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which one would you choose??

Discussion in 'Clinical Rotations' started by gooze, 02.08.12.

  1. gooze

    gooze Removed

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    if you had to choose right now based on what you know, would you pick orthopedics or urology? and why?
  2. SlickNickMD

    SlickNickMD

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    lol are these the 2 hottest surgical subpecialties, I keep seeing this discussion popping up all over this site


    I'd like to know as well, leaning toward Orthopedics and interventional rads-I gotta decide by the end of my surgery rotations
  3. Rendar5

    Rendar5

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    depends if i like pelvic surgery and penises/balls, or if i like reducing fractures and replacing hips..
  4. Zuerst

    Zuerst Plutonium Member

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    I don't know about you, but I'm not too fond of handling other dude's junk.
  5. jcu

    jcu should have been dr. who

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    Hailing from Texas, makes sense ;)
  6. McGillGrad

    McGillGrad Building Mind and Body

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    Urology has one of the best combinations of medicine/surgery, inpatient/outpatient and flexibility/lifestyle in medicine. Plus, your patient base is ever increasing.
  7. gooze

    gooze Removed

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    yeh, i agree with this...i really like the flexibility of urology over ortho (i.e. you can stop operating in uro and still run a very productive office practice whereas that is not as much of an option in ortho)...and i think you're right in terms of the patient base increasing but also new technologies that are being developed which i think will really increase the demand for urologists exponentially...for instance, there is an implantable artificial kidney that is being developed currently to hopefully be able to be implanted in human patients in a few years...

    with all that said, i def. see the appeal of ortho thus making the decision very difficult.
  8. officedepot

    officedepot

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    .
    Last edited: 04.12.12
  9. DreamingTheLive

    DreamingTheLive (something witty here)

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    You have posted this question quite a few times in a number of threads, and I don't know what someone can tell you other than the're both great surgical fields.

    It seems like you're focusing more on the lifestyle factors of each specialty instead of the pathology/nature of the work for each respective field. For the rest of your life, which field do you want to spend the majority of your waking hours reading, learning, teaching, speaking, operating, thinking, re-learning, re-reading, re-operating, etc., about?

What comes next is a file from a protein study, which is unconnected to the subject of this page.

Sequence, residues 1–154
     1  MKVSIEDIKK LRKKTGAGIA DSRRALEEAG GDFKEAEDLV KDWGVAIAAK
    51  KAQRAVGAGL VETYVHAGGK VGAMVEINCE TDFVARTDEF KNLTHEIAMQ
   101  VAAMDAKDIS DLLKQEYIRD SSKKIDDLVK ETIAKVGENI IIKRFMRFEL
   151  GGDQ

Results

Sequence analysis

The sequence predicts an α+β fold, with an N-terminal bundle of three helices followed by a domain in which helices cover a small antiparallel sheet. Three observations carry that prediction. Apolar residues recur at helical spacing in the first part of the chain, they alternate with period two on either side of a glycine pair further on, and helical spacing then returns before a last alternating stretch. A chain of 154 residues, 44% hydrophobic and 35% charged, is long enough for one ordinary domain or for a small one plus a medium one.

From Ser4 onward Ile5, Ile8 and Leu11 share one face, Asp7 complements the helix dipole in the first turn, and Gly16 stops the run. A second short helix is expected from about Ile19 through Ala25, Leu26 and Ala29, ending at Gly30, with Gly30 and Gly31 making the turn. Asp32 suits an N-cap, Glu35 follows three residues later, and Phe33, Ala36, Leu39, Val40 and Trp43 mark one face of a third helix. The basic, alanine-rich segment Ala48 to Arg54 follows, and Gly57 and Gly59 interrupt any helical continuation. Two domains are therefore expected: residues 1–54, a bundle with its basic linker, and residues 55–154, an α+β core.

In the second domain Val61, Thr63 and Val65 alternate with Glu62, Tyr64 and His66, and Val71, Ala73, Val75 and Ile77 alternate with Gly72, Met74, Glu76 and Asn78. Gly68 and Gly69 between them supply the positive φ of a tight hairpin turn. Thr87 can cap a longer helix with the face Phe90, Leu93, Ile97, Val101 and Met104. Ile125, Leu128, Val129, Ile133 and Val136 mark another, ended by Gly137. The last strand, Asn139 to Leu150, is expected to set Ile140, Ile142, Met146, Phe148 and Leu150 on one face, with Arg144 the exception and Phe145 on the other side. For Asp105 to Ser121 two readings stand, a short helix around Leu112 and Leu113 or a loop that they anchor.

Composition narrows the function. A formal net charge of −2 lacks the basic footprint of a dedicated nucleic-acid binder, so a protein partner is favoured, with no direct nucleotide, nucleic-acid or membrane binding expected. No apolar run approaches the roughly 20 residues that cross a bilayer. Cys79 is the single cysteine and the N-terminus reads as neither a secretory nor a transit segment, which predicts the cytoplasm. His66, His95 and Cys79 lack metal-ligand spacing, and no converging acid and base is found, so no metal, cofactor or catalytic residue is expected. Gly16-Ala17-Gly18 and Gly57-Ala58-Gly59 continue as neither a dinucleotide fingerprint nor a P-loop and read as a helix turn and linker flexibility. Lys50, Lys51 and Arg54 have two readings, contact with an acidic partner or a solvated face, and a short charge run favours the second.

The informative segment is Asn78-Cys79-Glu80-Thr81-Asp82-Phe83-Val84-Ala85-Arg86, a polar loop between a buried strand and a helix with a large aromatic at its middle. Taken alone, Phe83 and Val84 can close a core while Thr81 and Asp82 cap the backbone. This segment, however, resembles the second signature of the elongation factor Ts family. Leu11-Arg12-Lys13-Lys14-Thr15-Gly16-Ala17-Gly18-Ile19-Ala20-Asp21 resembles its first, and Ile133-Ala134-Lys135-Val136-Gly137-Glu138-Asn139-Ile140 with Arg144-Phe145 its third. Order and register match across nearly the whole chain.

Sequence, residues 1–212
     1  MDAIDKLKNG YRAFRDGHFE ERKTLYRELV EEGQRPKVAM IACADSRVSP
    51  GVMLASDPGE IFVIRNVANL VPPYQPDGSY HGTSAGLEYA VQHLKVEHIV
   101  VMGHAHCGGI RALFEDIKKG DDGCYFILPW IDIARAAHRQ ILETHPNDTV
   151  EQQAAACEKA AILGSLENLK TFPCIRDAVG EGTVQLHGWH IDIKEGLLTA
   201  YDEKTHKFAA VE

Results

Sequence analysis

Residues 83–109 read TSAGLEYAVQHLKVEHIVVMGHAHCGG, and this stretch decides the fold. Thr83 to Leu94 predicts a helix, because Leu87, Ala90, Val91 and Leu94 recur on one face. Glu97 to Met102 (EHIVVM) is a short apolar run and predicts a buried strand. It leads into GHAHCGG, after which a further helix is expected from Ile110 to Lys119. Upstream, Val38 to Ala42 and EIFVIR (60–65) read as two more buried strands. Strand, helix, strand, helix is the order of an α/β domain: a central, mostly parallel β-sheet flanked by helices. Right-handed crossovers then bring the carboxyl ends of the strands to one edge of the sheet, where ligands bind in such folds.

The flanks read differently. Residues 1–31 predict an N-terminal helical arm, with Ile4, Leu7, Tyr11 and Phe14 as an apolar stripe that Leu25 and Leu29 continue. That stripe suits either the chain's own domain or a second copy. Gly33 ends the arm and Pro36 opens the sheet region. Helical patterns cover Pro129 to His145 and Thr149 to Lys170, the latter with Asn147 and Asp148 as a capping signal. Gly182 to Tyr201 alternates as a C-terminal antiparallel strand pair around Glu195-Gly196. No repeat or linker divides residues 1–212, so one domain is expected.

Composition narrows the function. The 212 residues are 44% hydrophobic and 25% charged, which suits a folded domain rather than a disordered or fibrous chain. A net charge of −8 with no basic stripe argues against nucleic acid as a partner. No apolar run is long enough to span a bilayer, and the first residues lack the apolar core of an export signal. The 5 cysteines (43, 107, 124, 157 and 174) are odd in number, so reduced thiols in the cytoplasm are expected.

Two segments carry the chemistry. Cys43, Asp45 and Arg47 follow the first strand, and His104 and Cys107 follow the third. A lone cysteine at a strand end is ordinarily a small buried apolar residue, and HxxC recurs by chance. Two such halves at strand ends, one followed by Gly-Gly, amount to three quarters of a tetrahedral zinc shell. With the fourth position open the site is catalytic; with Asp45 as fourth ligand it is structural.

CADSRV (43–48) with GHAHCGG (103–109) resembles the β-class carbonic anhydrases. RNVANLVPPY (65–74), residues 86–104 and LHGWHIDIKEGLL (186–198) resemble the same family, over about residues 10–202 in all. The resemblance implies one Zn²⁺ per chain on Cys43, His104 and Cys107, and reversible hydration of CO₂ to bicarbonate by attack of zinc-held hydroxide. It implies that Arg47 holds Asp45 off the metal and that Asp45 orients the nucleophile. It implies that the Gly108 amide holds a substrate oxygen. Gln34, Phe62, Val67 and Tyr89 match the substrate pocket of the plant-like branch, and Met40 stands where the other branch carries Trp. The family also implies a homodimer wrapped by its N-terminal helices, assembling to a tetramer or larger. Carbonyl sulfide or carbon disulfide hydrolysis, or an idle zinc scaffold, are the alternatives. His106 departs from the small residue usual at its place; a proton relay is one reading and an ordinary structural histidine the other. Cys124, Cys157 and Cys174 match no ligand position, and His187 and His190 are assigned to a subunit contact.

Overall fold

10. officedepot

    officedepot

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    Last edited: 04.12.12
  11. VenusinFurs

    VenusinFurs I am tired, I am weary

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    Oh yes, ha ha, because urologists deal with PENISES, that is so hilarious.
  12. Rendar5

    Rendar5

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    Nuts or Bolts? pick one. they're very different organ systems. Would you prefer to make a guy scream by reducing their fracture or by reducing their foreskin?
  13. Doctor4Life1769

    Doctor4Life1769 **tr0llin, ridin dirty**

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  14. 2012mdc

    2012mdc Enjoying the Dark Side

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    Both.

    There's a few combined programs out there
  15. officedepot

    officedepot

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  16. upright

    upright

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    Doesn't matter. Ortho has plenty of dicks and urology has plenty of bones.
  17. jcu

    jcu should have been dr. who

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    Winner!
  18. ArcGurren

    ArcGurren only one will survive

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    Agreed with inpatient/outpatient and flexibility/lifestyle. Disagree about the medicine/surgery combo; I think urology is more cerebral in that it involves a lot tougher anatomy than most of the other surgical specialties (with neurosurgery being the exception of course) but the medical management involved that I saw was limited pretty much to erectile dysfunction, incontinence, and long-term prostate cancer management with anti-androgens - most of which consisted of refilling prescriptions in clinic and doing a rectal/genital exam. Which is fine, but I honestly found general surgery to have more "medicine" in it.

    I think what's meant by medicine/surgery combination is that you can practice urology in a largely clinic setting if you so wish without doing much surgery (later on in life usually) or you can do more surgeries. Either way, it's first and foremost a surgical subspecialty. People shouldn't kid themselves into thinking otherwise (I nearly did and I almost paid for it). I do agree the lifestyle tends to be better than most other surgical specialties in general.

    (Incidentally in answer to the question above... while I don't like surgery, I would rather pick urology. I can suffer through 5 years of surgical residency to open a practice doing purely urodynamics and cystoscopy any day of the week over an ortho residency).

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